Australasian Science: Australia's authority on science since 1938

Sweet and Sour for Spaceflight

By Morris Jones

Tthe 50th anniversary of human spaceflight is a somewhat embarrassing time for the space community.

2011 marks an historic anniversary for science buffs. This is the 50th anniversary of human spaceflight. Half a century has passed since Soviet cosmonaut Yuri Gagarin made a single orbit of the Earth aboard his Vostok 1 spacecraft, enthralling the world, but also causing fear. The flight was yet another symbol of rising power from a bellicose Soviet Union, whose leaders threatened the security of the West with a rising arsenal of nuclear weapons. Spaceflight was thus both sweet and sour for a turbulent twentieth century world.

The issue, at least in the short term, was for America to answer the Soviet challenge. Its response was the Apollo program, a hugely expensive project designed to counteract Soviet dominance in space. In 1969, the Apollo program reached its climax when Neil Armstrong and Buzz Aldrin walked on the Moon.

The sixties were exciting times for spaceflight. Every month, something new seemed to happen. Great expectations were drawn for the decades that were due to follow. It was expected that there would be huge space stations, bases on the Moon and human expeditions to Mars.

To the chagrin of space fans, most of the space age has been far more mundane. Spaceflight has become regular and routine. Our world is ringed with so many satellites that space junk is now a serious problem. We have the International Space Station in orbit, and robot probes exploring the planets. Spaceflight has steadily advanced in its technology, but it hasn’t really taken a “giant leap” since the Apollo days. Young people, once enthralled by astronauts, now shun spaceflight.

This major anniversary should prompt celebrations and a renewal of interest in spaceflight. But the real response is pretty muted. The world is locked in a global financial crisis that has captured attention of governments and the general public. The space community itself is experiencing even more dismay. Thousands of aerospace workers in the USA are losing their jobs as NASA terminates the space shuttle program. America has no replacement spacecraft for its astronauts, and will need to buy seats on Russian spacecraft for several years. NASA has no clear plan for its near-term future, and the White House seems generally indifferent to its problems.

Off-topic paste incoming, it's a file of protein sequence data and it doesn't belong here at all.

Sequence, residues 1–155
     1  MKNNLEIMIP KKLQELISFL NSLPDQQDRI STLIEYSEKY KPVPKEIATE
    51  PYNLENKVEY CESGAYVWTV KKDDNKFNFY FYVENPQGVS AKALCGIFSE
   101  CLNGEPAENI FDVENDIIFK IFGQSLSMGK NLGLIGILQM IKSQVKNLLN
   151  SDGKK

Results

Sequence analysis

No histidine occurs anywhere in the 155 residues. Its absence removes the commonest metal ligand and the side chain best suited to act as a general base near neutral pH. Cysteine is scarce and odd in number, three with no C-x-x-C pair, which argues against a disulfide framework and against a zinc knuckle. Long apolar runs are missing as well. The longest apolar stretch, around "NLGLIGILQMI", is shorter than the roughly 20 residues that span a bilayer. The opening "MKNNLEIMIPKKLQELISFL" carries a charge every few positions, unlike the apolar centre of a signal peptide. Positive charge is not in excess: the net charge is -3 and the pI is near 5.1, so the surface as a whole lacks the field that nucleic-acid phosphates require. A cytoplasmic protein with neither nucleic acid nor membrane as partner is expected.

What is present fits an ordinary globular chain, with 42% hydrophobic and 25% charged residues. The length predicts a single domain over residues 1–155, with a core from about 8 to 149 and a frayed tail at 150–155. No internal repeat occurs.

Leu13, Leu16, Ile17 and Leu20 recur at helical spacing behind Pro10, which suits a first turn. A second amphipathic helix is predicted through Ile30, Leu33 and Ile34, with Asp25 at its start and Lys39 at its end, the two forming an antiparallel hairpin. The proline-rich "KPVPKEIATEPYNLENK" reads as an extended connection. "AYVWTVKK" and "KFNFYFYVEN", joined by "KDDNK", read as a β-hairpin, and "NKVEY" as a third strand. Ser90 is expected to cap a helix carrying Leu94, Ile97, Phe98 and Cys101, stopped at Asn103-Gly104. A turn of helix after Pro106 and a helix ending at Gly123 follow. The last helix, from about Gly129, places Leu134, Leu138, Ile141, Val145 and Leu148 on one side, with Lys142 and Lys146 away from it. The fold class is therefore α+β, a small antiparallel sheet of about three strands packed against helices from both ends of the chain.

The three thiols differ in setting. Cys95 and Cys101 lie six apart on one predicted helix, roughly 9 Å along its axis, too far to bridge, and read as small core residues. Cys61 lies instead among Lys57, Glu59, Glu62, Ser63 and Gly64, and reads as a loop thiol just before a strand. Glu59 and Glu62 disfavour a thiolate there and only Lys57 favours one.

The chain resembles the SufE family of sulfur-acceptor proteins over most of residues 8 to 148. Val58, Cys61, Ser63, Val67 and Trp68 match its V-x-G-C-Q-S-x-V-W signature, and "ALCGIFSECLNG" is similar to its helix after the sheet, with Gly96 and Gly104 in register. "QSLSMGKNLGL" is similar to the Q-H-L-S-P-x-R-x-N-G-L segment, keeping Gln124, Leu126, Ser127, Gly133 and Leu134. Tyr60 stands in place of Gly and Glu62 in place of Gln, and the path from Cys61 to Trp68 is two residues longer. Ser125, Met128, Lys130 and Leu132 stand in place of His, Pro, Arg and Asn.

After so much time, we should have gone a lot further. We should also have a more robust group of international space programs. Exactly why this hasn’t happened is a complex story. The early years of the “space race” were driven by almost paranoiac fears of world domination by an evil Soviet empire. When politics and strategic issues settled down, governments lost the will to plough so much money into spaceflight. The general public, so fascinated by the early days of spaceflight, now simply accepts it as a normal part of life, but not as something on the cutting edge. It’s also true that we have struggled to produce breakthroughs in basic technology. Today’s rockets are only marginally different from the rockets of the 1960s. They’re expensive, complex and unreliable.

A new breed of private space companies is trying to break the barriers, developing new launch systems and spacecraft that should be cheaper and more reliable. Hope is strong, but they have yet to fully prove themselves.

So we enter this anniversary at a somewhat embarrassing time for the space community. It’s difficult to compare what could have been, with what we really have. But hard truths can sometimes serve as wake-up calls for a rebound. In the decades ahead, the space community hopes to see that.

Dr Morris Jones is an Australian space analyst and writer.